Hence. the commonsense expectation is that the Court. . the Court should not be so readily dismissive of the petitioners’ posture herein merely because it is anticipatory. the Court would be seen as inutile in the face of constitutional violation. not every anticipatory threat to constitutional liberties can be assailed prior to implementation. considering that the E-VAT Law allows its recovery only after the business has ceased to exist. without which.I do not share the majority’s penchant for awaiting the blood spurts before taking action even when the knife’s edge already dangles. That the majority has not bothered to do so is ultimately of tragic consequence. joined by Justices Panganiban and Chico-Nazario. Even the Bureau of Internal Revenue itself has long recognized the unutilized input VAT as an asset. This is the expectation of every citizen who wishes to maintain trust in all the branches of government. Of course. hence the employment of the "clear and present danger" standard to separate the wheat from the chaff. As I maintained in my Dissenting Opinion. since the possibility of its recovery is improbable. There should have been a meaningful engagement by the majority of the facts and formulae presented by the petitioners before the reasonable conclusion could have been reached on the maturity of the claim. and whatever is retained by the person after taxes is acquired as a matter of privilege. express the belief that no property rights attach to the input VAT paid by the taxpayer. In the enforcement of the constitutional rights of all persons. such as the American Revolution of 1776. as guardian of these rights. a tax measure may be validly challenged and stricken down even before its implementation if it poses a clear and present danger to the deprivation of life. the 30% prepaid input VAT would be recorded as a loss in the accounting books. I pointed out in my Dissenting Opinion that under current accepted international accounting standards. is empowered to step in even before the prospective violation takes place. liberty or property of the taxpayer without due process of law. 70% Input VAT Credit An Impaired Asset The ponencia. the evolution of the "clear and present danger" doctrine and other analogous principles. Still. This is a bizarre view that assumes that all income earned by private persons preternaturally belongs to the government. This is the sort of thinking that has fermented revolutions throughout history.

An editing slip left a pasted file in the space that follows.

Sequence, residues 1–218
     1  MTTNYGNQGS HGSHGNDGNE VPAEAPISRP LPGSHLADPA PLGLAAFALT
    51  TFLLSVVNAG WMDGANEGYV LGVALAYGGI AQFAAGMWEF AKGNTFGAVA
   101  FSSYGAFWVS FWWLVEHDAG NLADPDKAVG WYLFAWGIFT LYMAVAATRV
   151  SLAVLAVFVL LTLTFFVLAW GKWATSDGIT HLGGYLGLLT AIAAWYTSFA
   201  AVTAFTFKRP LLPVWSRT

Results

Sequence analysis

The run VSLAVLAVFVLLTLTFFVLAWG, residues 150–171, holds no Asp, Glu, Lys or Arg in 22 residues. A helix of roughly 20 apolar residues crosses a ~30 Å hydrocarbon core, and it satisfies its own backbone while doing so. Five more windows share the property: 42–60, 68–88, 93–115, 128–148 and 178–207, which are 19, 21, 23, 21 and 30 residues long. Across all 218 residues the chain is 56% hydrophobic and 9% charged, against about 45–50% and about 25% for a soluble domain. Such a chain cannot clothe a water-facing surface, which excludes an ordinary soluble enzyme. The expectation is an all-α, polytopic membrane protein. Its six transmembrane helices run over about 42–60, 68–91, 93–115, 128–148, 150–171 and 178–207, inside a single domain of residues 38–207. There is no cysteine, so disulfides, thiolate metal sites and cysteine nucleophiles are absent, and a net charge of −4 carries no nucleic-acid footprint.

not the seller. there would be a continuous accumulation of excess input VAT. Indeed. as enshrined under Rep. third or fourth quarter of that year. Moreover. Thus. In that case. Under the VAT system. are not the persons who are liable to pay for the tax. The problem with the new E-VAT law is that it correspondingly imposes a defeatist mechanism that obviates this entitlement of the seller by forcibly withholding in perpetua this pre-paid input VAT. 273 sales taxes paid by the retailer or dealers were not recoverable. usually the dealers or retailers. the dealer or retailer who pre-pays the input VAT is virtually precluded from recovering the pre-paid input VAT. represents in tangible terms an actual loss. To put it more succinctly. Nonetheless. What this deception fosters. not the consumer. Act No. The nature of a sales tax precisely is that it is shouldered by the seller. This point is crucial. 9337. the clear legislative intent is to encumber the retailer with the end tax. under the mechanism foisted in the new E-VAT Law. The VAT system. considering the established principle of "time-value of money". is that since the taxpayer is perpetually obliged to remit the 30% input VAT every quarter. there is no chance for its recovery except until after the taxpayer ceases to be such. A recognition that the input VAT is a property asset places it squarely in the ambit of the due process clause. the accumulation of the prepaid input VAT diminishes the actual value of the refundable amounts. who shoulders the E-VAT. squarely holds the end consumer as the taxpayer liable to shoulder the input VAT. the new E-VAT Law. the pre-paid input VAT. It is not true then that the input VAT prepaid for the first quarter can be recovered in the second. a chimera enhanced by the grossly misleading presentation of the Office of the Solicitor General. as explained in my Dissenting Opinion. for which the petitioners and other similarly situated taxpayers are not even ultimately liable in the first place. the State recognizes that the persons who pre-pay that input VAT. or at any time in the next year for that matter since the amount of prepaid input VAT accumulates with every succeeding prepayment of input VAT. when the taxpayer prepays the 30% input VAT. as implemented through the previous VAT law and the new E-VAT Law. The illusion that blinds the majority to this state of affairs is the claim that the pre-paid input VAT may anyway be carried over into the succeeding quarter. the only way said class of taxpayers can recover this prepaid input VAT was if it were to cease operations at the end of every quarter. The majority now stresses that prior to Executive Order No.The majority fails to realize that even under the new E-VAT Law. since the law only allows such recovery upon the cessation of the business. there is precisely a legislative recognition that it is the end user. as it goes in the heart of the constitutional challenge raised by the petitioners. . and what the majority fails to realize.